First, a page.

Les Misérables (Film)

Les Misérables
Les Misérables (c) Universal Pictures

The guiding ethic of any film adaptation of a legendary source must be: "Change as little as possible." Those in charge of Les Miz knew precisely what they were working with. A few songs are shortened, a handful of lines altered, and a few scenarios condensed or adapted to their original literary form, but the whole remains gloriously and satisfyingly intact.

The Work Song is set to the image of a hundred convicts battling a stormy sea to pull a listing ship into dry dock—and only here does the film's live-recording ethic fall short, as the music and voices lack the power to match the imagery, seemingly washed out by the sea noise, where the live musical would normally captivate from the first note.

Neither of them theatrical belters, Jackman and Crowe's performances feel subdued in the opening scene. But the film finds its gravitas the instant Colm Wilkinson appears as the Bishop of Digne, and from that instant, the next two and a half hours are nothing less than the repeated sliding of the viewer's soul up and down a finely-honed blade.

The ability to take close-ups gives the film an intimacy that is unattainable on a Broadway stage, and power numbers are sometimes reduced to a chilling whisper. Anne Hathaway destroys herself to bring Fantine to life, and her incredible, personal pain washes in waves from the screen. The tooth removal, normally excised from the musical, is even back from the book—though modified in location. Confrontation is then viscerally set as a full-on close-quarters sword fight.

Film also allows a depth of scale that challenges the stage. The transition to At the End of the Day is a grim and powerful scramble through the slums of Montreuil-sur-Mer, shaking the screen with the palpable rage of a nation. Look Down is another tour de force, while Do You Hear the People Sing emerges from a quiet, elegiac call to arms that organically overtakes General Lamarque's funeral procession.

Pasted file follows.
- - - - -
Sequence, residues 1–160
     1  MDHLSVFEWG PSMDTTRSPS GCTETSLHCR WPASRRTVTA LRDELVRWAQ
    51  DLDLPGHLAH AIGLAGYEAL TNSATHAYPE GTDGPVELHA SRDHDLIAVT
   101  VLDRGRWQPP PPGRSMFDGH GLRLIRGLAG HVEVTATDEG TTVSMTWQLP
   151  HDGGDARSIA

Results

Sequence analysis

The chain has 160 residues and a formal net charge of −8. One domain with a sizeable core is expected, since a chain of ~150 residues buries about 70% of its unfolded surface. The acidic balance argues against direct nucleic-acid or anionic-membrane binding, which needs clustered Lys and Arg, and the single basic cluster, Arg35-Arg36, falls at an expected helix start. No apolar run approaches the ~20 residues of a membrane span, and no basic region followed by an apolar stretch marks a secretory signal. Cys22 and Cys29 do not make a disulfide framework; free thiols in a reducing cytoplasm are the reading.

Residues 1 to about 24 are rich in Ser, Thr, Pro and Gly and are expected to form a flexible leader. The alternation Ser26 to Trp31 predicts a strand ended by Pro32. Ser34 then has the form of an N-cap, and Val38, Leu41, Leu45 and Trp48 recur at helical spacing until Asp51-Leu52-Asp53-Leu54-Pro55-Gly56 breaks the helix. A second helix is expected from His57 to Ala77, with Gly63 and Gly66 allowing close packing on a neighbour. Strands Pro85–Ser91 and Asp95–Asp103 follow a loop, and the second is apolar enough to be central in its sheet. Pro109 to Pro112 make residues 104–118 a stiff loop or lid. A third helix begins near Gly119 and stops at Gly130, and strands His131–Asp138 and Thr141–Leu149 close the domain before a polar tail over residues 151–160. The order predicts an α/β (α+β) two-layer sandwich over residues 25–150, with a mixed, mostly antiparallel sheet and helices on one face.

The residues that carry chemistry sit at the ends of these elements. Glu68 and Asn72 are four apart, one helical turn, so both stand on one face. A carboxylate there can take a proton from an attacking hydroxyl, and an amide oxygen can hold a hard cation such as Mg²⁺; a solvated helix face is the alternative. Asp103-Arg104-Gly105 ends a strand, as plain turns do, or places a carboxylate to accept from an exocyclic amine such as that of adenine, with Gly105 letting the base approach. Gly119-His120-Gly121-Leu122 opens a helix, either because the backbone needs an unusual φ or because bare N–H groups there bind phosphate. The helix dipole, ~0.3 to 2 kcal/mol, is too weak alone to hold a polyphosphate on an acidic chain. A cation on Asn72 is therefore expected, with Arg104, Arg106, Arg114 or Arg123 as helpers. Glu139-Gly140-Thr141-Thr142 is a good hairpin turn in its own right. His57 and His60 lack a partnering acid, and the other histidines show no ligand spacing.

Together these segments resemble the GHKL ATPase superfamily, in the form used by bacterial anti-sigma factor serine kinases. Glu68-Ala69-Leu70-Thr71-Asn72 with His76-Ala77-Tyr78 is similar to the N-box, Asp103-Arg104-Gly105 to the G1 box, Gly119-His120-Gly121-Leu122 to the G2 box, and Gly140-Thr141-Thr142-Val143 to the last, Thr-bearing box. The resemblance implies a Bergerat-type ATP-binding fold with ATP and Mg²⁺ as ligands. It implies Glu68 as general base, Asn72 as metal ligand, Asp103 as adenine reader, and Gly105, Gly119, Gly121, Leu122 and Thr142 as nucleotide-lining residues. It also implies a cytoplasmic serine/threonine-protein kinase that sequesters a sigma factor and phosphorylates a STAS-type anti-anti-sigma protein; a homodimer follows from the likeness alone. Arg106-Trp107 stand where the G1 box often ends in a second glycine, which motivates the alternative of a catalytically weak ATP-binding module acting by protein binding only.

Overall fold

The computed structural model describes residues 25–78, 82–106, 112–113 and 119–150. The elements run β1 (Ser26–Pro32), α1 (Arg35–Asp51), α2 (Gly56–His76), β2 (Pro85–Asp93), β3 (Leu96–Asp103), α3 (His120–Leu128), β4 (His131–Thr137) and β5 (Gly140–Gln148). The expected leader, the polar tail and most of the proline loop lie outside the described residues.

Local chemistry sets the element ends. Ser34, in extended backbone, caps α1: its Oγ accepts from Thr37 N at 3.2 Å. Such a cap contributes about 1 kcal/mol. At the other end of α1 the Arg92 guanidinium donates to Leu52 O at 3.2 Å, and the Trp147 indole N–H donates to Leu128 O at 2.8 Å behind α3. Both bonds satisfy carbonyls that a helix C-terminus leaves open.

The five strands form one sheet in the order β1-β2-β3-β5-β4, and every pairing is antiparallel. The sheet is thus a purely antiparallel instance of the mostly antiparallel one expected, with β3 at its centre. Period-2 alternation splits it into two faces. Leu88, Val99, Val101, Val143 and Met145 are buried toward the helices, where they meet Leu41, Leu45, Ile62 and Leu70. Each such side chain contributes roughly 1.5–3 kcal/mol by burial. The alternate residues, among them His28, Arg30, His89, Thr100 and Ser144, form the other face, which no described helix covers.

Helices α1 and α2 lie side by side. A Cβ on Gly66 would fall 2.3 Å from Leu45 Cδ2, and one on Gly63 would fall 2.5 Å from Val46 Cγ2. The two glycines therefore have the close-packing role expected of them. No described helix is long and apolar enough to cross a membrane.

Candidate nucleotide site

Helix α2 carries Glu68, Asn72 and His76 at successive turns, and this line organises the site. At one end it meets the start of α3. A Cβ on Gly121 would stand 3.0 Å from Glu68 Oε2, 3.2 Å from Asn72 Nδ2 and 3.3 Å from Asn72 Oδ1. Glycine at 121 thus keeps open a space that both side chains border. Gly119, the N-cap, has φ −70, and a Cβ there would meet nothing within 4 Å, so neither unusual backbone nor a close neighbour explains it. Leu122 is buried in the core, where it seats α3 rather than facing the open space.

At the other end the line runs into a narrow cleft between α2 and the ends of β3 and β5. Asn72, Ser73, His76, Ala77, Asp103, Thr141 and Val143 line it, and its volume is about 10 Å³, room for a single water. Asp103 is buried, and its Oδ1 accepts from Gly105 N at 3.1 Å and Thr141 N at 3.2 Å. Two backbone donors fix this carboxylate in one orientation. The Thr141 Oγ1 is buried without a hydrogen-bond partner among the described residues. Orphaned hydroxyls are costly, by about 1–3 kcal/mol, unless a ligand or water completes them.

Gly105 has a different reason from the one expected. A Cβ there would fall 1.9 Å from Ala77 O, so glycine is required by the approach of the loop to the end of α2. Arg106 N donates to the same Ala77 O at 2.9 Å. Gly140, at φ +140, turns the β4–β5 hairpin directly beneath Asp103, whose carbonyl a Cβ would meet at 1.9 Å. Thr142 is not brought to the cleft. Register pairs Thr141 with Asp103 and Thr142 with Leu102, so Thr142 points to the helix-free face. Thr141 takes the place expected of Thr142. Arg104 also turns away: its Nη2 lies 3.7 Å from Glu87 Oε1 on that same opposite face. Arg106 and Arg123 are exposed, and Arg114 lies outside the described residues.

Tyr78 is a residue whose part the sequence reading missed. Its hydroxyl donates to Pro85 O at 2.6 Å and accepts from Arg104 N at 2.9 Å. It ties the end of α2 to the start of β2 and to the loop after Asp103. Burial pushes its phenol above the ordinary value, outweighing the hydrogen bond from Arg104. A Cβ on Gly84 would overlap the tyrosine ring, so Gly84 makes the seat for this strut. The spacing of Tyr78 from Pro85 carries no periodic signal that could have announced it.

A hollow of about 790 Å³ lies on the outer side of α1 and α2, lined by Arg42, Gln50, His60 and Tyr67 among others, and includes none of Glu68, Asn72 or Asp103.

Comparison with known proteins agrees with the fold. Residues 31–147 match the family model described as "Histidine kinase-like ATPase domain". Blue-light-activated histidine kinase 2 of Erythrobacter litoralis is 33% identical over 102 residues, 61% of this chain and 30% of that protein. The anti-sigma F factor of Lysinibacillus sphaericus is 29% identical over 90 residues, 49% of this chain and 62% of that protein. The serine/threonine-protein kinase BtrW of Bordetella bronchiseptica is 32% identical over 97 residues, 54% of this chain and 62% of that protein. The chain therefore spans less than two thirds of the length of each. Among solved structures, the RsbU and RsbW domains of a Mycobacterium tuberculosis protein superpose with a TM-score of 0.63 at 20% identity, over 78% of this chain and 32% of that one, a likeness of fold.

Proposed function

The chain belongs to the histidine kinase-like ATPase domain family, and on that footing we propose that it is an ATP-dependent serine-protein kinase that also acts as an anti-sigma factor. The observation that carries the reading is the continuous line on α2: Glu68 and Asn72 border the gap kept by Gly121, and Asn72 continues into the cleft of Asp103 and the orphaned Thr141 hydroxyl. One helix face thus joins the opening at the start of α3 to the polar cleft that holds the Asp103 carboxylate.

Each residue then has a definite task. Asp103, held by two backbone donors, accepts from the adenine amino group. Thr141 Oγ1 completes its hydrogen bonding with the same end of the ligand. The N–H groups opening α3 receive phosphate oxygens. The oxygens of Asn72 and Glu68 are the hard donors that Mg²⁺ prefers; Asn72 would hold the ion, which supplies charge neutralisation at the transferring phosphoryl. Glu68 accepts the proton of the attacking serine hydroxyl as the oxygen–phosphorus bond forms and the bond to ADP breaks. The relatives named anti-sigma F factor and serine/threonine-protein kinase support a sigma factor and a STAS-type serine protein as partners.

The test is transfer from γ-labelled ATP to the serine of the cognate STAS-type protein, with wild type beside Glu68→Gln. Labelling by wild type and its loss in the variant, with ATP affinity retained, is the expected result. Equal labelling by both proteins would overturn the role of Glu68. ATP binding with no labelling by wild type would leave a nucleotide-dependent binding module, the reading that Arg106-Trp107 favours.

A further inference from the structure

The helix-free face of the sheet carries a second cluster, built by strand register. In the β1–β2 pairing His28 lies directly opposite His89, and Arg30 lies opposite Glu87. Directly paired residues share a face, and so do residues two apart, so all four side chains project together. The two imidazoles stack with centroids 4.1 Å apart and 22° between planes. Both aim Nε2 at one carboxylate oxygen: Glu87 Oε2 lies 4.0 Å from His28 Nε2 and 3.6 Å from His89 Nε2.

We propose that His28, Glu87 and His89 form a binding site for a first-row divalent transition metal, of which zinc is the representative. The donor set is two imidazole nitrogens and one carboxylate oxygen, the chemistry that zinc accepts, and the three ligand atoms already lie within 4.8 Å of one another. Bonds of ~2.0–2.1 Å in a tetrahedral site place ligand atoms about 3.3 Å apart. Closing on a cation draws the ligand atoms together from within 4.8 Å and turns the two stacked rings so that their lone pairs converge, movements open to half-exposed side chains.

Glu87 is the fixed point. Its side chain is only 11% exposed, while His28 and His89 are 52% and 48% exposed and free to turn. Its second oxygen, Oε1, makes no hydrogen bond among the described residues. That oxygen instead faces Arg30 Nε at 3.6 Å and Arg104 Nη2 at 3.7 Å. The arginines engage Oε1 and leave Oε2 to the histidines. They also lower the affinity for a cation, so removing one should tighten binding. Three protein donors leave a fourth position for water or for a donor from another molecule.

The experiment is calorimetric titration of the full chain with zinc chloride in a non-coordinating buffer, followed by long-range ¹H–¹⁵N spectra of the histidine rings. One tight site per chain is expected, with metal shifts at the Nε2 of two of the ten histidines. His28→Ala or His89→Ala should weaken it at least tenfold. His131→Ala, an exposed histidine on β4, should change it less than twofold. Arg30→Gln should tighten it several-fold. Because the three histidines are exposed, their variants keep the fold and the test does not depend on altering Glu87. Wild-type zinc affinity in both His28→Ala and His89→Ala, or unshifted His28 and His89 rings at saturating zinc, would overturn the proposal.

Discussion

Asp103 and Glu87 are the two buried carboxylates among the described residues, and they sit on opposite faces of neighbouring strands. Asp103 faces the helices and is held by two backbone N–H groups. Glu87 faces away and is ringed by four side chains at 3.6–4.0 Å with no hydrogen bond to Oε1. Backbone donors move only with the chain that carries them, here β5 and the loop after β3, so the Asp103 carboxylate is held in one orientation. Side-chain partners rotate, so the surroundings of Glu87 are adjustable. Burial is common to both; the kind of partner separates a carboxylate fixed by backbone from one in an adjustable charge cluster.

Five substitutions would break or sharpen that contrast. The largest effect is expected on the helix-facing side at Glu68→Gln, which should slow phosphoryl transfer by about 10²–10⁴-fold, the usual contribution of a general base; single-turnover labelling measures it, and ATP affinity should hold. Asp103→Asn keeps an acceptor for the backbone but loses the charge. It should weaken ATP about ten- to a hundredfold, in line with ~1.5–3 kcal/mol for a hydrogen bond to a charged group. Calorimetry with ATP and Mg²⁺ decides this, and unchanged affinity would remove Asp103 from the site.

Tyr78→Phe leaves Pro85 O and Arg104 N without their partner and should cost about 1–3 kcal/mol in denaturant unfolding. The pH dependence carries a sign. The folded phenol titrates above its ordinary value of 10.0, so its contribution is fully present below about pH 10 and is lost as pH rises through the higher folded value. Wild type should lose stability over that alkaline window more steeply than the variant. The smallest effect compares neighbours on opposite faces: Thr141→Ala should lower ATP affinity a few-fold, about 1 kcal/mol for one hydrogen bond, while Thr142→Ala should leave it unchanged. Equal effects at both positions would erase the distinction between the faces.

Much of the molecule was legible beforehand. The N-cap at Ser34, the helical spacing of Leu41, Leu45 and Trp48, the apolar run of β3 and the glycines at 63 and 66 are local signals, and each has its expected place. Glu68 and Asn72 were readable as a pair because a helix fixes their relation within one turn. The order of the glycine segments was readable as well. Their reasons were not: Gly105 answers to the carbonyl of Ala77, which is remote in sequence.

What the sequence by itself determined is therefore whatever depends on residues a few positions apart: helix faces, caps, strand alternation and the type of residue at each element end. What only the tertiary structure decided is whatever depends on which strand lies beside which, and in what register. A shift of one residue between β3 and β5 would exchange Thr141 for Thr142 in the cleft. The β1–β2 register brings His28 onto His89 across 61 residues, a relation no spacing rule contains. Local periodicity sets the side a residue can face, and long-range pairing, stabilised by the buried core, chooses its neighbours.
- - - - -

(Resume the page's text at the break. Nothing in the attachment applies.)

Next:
Samantha Barks' Éponine lights up in her every interaction with Marius, and shots of her in the background of A Heart Full of Love are soul-rending. But she suffers just enough tiny cuts that A Little Fall of Rain is not quite as arresting as it should be, and the constant close-ups amputate the power of a scene that should captivate not only through its intimacy, but through the inactivity that washes across the entirety of a once-violent stage.

Russel Crowe's soft-voiced Javert takes some getting used to, and while it works more often than one might expect, he sometimes seems to be singing with a sock in his mouth—most notably during One Day More, where he seems to have been mixed in at a different volume level from the rest of the cast. Yet the cinematography of Stars is simple yet stunning, and Javert's Suicide suffers nothing in this interpretation.

M. Thénardier endures a few cuts (most notably the truncation of Dog Eats Dog), but Sacha Baron Cohen steals enough asides and chews enough scenery that his part hardly feels reduced.

The background has been filled in with elements from the novel, and those who have read Hugo's epic will appreciate nods to Fauchelevent and the Petit-Picpus convent, Gavroche's elephant-home, Marius' grandfather, and the tavern behind the barricade. There is even a quick cut to Gavroche when Éponine is shot, winking at their normally undisclosed sibling relationship.

Even the finale remains perfectly and satisfyingly intact. The only challenge with a film that so precisely parallels its stage inspiration is resisting the necessity to deliver a standing ovation once the final note has been sung. If only they had found a way to incorporate a curtain call.

Published as Tinulthin on imdb, Dec. 22, 2012. 

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